Are you a young maiden just wishing your man would finally pop the question? Has the handsome lad down the street caught your fancy, but seems completely oblivious to your pining affections? Not a problem, ladies! Today is leap day, which makes 2012 your lucky year.
American culture was, and still is, a stew of different traditions carried over from the homelands of dozens of cultures. One of these fabulous traditions, stemming from the British Isles, was that of the “ladies’ law” of leap year. This newspaper from February 1888 explains the rules of this female-favoring year:
Not only may a woman propose to a man in a leap year, but there’s a bonus for her if he refuses. The same article goes on to explain that any man who turns down a woman seeking marriage in a leap year must compensate her with a new silk dress. Provided, of course, that she show off a little of her scarlet petticoat, just to be sure her intentions are clear.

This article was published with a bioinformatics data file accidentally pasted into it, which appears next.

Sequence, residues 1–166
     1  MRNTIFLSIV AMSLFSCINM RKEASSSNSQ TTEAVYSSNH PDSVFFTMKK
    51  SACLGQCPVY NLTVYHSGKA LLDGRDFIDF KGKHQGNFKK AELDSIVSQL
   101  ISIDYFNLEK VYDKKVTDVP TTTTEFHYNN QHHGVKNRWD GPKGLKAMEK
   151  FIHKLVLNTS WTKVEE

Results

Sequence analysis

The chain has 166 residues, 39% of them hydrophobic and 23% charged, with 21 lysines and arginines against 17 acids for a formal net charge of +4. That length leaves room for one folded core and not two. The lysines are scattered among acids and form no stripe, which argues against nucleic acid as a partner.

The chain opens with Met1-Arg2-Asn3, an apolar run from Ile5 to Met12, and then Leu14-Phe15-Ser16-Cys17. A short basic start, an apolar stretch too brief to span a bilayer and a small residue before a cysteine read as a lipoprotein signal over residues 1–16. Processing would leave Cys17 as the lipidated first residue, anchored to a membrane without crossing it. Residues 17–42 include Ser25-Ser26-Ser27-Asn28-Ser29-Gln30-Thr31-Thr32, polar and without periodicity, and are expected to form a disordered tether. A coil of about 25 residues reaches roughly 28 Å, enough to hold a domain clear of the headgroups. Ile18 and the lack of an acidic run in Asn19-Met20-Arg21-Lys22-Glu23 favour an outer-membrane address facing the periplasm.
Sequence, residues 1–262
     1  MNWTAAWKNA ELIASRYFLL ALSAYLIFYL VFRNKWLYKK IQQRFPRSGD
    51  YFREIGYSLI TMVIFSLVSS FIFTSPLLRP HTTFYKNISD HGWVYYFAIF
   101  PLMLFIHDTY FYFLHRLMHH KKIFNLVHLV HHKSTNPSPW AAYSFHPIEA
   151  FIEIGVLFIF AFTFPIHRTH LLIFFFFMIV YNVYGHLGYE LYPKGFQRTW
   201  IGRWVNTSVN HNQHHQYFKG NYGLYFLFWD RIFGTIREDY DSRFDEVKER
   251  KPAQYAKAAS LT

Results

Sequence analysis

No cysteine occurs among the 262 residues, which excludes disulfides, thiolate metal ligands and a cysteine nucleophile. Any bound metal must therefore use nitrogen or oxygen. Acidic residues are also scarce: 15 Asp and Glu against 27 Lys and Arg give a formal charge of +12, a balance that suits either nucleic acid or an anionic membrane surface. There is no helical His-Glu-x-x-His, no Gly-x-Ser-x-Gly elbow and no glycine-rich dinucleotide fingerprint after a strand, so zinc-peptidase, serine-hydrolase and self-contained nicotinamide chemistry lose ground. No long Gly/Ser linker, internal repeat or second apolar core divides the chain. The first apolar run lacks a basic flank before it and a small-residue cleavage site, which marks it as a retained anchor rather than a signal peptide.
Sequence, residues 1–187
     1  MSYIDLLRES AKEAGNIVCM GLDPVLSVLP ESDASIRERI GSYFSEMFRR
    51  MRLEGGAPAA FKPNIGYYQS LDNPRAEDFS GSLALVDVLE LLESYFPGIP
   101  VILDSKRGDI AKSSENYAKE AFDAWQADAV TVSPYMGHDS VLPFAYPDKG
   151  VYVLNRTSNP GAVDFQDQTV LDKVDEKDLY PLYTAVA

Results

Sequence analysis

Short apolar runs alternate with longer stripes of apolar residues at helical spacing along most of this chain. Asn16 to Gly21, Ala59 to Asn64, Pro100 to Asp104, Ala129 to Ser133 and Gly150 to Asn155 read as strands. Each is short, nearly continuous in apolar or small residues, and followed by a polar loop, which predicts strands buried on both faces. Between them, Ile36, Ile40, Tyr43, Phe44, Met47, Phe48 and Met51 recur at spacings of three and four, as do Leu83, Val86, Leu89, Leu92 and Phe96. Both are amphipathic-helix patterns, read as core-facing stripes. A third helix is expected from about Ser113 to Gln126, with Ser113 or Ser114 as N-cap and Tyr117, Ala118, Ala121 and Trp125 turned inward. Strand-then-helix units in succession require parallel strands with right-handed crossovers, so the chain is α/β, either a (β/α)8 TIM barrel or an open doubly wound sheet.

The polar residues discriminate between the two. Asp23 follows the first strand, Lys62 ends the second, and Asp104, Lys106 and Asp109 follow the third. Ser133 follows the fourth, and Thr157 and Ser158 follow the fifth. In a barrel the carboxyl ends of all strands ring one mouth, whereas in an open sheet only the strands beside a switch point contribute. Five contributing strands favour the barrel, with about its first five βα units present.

Traditionally, the material compensation for a refused proposal varied. In thirteenth-century Scotland, supposedly, the required recompense was anything from £1, to a kiss, to the previously mentioned silk gown. In Denmark, the uncooperative man must present twelve pairs of gloves. And in Finland, the disappointed lady must be given enough fabrics to make a skirt. The risk of receiveing proposals all year long was too great for some men, with such weighty fines demanded of them if they refused. So, in many cultures, the “ladies’ law” was restricted to only one twenty-four hour period: leap day.
As it finishes off, the nineteenth-century column offers one last bit of encouragement:
…And don’t forget to wear your red petticoat!
Enjoy learning about the day-to-day activities from years past? Find more interesting tidbits in Fold3′s Newspapers collection. Or, click on the above images to see the complete Ladies’ Law article and more.